By Richard Mabey Jr.
There are people who touch our hearts and lives, to whom we will not truly appreciate their kindness till years and years have passed. Such is the case of my remembrance of the Real Santa Claus of Main Street.
It was a long standing tradition, of the Mabey clan, to spend Christmas Day at the old Mabey Homestead. From the day I was born till I was six years old, my parents and I lived in Clifton. Every Christmas Day, we would sojourn westward on Route 46 to the little hamlet of Lincoln Park, where my great grandmother, Dora Mabey lived.
I remember we would arrive at the old Mabey Homestead, early in the morning. I was a shy and sensitive child, so the abounding number of relatives that would congregate at the old farmhouse, would seem all so overwhelming to me.
I don’t know at what age I had any degree of conscious remembrance of the dear, kind, elderly man who was the Real Santa of Main Street. I remember him fondly as a very kind man with a gentle spirit. He would knock on the door of the old Mabey Homestead, sometime during the late morning on Christmas Day, all dressed in his Santa Claus gear.
My dad was the fifth of nine children, so on Christmas Day the Mabey Homestead abounded with children, my many cousins. Santa would arrive with a big burlap bag strung over his shoulder, with a gift for each and every one of my cousins, my sister and myself. I remember the gifts were not expensive at all. Some were actually handmade toys. While some had a clue of having been passed down from another child, who had outgrown the little toy car or doll.
My mom and dad, my sister Patti and I moved into the old Mabey Homestead in the early Autumn of 1959, shortly after Great Grandma Mabey went Home to be with the Lord. I was six years old that Christmas. I remember wondering if the real Santa would still be knocking on the door on Christmas Day. To my happy surprise, the real Santa did come by to visit us, with presents for my sister and I.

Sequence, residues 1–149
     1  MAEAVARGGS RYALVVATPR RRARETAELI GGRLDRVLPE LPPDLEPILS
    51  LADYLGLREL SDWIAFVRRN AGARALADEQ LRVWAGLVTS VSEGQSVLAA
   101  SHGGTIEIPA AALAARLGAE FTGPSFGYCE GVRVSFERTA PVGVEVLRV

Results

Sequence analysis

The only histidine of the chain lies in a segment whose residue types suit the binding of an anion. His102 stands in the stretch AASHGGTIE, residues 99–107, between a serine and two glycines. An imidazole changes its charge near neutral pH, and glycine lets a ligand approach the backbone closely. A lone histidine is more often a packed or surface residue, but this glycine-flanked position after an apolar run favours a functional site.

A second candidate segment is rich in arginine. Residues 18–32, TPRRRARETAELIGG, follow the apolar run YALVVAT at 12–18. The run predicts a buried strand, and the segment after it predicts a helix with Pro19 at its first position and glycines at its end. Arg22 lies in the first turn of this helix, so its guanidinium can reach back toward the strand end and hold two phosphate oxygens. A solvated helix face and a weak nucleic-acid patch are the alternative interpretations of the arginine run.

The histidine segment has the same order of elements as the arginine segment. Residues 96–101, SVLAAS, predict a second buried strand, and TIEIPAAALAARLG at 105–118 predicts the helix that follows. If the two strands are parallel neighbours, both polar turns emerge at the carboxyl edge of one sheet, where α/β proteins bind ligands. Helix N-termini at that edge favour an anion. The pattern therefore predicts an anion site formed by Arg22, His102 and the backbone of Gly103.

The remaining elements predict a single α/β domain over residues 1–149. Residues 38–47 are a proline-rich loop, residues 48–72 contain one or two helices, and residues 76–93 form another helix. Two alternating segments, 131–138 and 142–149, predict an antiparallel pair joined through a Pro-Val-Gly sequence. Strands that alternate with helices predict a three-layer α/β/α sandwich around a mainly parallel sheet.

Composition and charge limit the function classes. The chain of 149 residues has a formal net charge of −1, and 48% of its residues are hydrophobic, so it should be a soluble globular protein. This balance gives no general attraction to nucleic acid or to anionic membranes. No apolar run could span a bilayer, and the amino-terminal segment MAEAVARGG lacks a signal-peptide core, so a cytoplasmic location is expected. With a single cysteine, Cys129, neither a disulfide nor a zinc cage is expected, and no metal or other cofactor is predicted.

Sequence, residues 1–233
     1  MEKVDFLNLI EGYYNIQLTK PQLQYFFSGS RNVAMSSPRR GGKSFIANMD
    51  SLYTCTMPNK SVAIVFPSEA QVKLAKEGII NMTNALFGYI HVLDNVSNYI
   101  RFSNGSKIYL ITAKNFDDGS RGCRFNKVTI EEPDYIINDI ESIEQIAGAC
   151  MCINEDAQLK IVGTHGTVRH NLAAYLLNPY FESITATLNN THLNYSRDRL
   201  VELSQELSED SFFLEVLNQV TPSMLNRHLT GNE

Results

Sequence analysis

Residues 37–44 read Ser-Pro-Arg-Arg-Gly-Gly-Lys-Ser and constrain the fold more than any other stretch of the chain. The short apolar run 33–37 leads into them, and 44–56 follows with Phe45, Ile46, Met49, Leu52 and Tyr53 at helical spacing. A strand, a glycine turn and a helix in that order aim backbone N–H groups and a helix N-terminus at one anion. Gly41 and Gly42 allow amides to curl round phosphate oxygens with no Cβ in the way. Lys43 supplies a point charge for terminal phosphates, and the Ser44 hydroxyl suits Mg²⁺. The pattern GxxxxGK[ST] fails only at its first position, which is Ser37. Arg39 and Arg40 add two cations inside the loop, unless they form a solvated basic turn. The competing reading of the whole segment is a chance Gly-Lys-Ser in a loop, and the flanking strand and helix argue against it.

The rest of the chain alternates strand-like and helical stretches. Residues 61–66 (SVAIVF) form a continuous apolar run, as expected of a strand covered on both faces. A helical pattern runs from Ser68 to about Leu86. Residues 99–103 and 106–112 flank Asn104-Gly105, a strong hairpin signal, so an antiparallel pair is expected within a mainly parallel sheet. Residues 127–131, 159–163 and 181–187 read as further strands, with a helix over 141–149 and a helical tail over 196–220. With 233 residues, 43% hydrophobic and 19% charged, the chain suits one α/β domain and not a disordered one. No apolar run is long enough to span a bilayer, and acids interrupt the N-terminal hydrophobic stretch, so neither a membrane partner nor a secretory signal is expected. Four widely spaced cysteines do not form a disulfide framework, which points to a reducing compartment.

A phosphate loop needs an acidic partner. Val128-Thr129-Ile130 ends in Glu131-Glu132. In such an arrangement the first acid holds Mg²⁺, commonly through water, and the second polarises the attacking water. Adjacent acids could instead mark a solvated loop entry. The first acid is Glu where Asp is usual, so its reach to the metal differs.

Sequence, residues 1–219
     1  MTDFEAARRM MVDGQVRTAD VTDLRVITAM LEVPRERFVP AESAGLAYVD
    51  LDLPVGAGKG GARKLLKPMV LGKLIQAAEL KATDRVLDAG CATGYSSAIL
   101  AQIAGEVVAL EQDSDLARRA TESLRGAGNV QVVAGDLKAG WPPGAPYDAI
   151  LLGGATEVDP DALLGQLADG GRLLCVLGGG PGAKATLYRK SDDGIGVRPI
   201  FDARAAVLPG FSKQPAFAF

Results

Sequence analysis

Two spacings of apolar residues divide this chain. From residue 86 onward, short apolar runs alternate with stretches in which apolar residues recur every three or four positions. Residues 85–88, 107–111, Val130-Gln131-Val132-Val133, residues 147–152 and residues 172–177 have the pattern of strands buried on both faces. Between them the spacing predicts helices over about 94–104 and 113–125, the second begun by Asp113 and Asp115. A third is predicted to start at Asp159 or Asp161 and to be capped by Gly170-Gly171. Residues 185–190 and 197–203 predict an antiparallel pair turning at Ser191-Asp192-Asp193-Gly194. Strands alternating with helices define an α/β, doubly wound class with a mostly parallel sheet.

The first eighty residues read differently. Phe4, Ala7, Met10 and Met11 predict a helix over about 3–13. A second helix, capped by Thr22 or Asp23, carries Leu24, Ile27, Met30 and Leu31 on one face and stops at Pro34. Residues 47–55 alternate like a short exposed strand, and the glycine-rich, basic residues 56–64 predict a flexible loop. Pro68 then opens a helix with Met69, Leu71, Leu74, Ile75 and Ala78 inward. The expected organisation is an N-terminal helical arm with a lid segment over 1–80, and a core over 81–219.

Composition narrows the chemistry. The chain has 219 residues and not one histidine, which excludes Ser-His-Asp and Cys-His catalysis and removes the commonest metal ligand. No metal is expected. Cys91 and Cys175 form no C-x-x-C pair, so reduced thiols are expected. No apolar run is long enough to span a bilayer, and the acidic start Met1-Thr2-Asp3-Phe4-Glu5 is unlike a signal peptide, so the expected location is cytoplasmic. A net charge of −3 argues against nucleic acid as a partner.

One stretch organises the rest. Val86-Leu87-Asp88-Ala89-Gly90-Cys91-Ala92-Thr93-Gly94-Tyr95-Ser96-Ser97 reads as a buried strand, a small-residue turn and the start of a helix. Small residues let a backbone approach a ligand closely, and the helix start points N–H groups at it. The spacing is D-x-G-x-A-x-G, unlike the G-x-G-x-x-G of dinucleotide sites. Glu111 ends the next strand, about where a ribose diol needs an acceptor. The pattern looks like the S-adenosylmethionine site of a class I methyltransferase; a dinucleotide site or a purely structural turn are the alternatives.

I never learned the name of the Real Santa of Main Street. My grandfather, Watson Mabey, one time told me that he thought that he lived in this little house at the end of Clover Lane. When I was about 10 years old, I walked down Clover Lane, stood at the front yard of that little home and wanted to knock on the front door and see if that was in fact, the home of the real Santa. Sadly and regretfully, I didn’t get the courage to knock on the door. That little home was torn down many years ago, to make room for a larger, modern home.
My Aunt Vi once told me that she thought that the Real Santa of Main Street lived in a little home in Towaco, just past the Lincoln Park border. I don’t think anybody really knew who this kind hearted soul was. It’s one of the greatest mysteries of my childhood.
The Christmas of 1961, when I was eight years old and in the third grade, was the last time that the Real Santa of Main Street ever came to visit us on Christmas Day. I once asked my father if he knew who this gentleman was. He endorsed Grandpa Mabey’s theory.
In deep fondness, I remember the Real Santa of Main Street. I think about him from time to time. My intuition tells me that he was not a wealthy man at all. I think he was actually quite poor. Somehow and someway, he accumulated toys for children in the neighborhood. Most of the toys he gave to us, were handmade. He was truly the real Santa Claus of my childhood.
Richard Mabey Jr. is a freelance writer. He can be reached at email@example.com.